New method may thwart peach diseases
July 23, 2008 By Fruit & Vegetable
July 23, 2008 – Natural bacterial
extracts may offer some assistance to peach growers in treating fungal
diseases, such as brown rot in peaches.
July 23, 2008 – Natural bacterial extracts may offer some assistance to peach growers in treating fungal diseases, such as brown rot in peaches.
Agricultural Research Service (ARS) scientists in Byron, Georgia, are using these substances as a safe and effective alternative to chemical fungicides.
ARS entomologist David Shapiro-Ilan and plant pathologist Charles Reilly at the Southeastern Fruit and Tree Nut Research Laboratory in Byron developed these natural pesticides to control peach diseases. Although bacterial methods for controlling fungi are not new, the ARS bacterial compounds have never been used to control disease in this commodity.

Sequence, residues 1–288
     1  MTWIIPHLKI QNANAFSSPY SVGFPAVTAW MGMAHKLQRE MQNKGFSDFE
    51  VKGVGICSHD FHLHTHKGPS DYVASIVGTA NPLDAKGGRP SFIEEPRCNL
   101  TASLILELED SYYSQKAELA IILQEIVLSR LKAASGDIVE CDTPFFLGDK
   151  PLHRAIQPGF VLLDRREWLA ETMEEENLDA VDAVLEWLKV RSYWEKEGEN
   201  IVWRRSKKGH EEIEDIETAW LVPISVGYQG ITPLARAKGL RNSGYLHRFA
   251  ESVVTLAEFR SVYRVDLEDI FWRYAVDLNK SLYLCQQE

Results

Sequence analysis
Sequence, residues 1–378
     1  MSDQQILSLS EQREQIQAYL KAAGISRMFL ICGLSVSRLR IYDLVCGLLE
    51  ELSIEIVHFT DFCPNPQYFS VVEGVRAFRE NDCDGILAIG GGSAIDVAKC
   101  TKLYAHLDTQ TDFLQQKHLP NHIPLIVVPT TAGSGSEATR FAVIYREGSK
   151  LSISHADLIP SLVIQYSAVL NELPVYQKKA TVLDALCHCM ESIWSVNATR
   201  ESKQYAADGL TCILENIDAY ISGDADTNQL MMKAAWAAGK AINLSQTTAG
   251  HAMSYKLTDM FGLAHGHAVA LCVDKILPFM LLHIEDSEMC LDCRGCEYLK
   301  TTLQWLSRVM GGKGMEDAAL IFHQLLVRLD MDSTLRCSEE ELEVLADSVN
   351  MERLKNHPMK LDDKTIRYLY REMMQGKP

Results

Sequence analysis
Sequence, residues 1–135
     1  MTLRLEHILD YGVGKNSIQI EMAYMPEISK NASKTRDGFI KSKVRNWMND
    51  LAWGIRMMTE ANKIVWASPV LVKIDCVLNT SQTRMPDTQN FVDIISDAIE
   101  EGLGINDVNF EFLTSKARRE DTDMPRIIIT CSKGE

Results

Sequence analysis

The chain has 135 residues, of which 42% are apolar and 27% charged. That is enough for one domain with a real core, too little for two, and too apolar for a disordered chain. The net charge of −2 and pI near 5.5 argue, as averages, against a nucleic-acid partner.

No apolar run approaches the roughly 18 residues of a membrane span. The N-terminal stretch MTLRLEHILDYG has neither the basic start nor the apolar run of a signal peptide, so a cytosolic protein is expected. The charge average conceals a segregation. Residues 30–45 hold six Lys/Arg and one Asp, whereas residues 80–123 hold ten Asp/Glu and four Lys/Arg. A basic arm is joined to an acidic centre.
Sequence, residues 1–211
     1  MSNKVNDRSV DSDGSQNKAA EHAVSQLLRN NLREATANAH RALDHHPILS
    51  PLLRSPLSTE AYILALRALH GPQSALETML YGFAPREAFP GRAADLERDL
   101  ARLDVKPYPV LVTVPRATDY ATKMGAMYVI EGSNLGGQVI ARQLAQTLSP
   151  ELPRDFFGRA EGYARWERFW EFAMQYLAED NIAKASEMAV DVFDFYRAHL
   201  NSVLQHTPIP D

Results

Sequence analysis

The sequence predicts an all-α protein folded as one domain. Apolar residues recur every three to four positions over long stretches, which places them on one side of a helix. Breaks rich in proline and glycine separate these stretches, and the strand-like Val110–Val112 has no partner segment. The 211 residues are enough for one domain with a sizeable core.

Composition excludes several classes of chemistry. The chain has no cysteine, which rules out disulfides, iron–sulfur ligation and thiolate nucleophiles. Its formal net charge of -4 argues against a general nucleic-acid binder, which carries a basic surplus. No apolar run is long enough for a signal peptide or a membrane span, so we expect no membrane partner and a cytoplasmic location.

In these studies, Shapiro-Ilan and Reilly used compounds obtained from two genera of bacteria, Xenorhabdus and Photorhabdus. They were found to be effective against common peach disease organisms that cause significant damage. The two scientists tested compounds from a variety of bacterial strains and species to determine which would be most potent.
The results indicated that X. bovienii and P. luminescens (VS) bacterial compounds generally exhibited the greatest suppression of plant pathogens. Applying 6- to 12- percent dilutions of the bacterial compounds achieved 90 to 100 per cent suppression of Phytophthora cactorum lesions on leaves. P. cactorum can cause root, collar and crown rots, as well as foliar and fruit infections.
Applications for patents on these treatments have been submitted, and partners are being sought to develop the bacterial metabolites for commercial use.
Print this page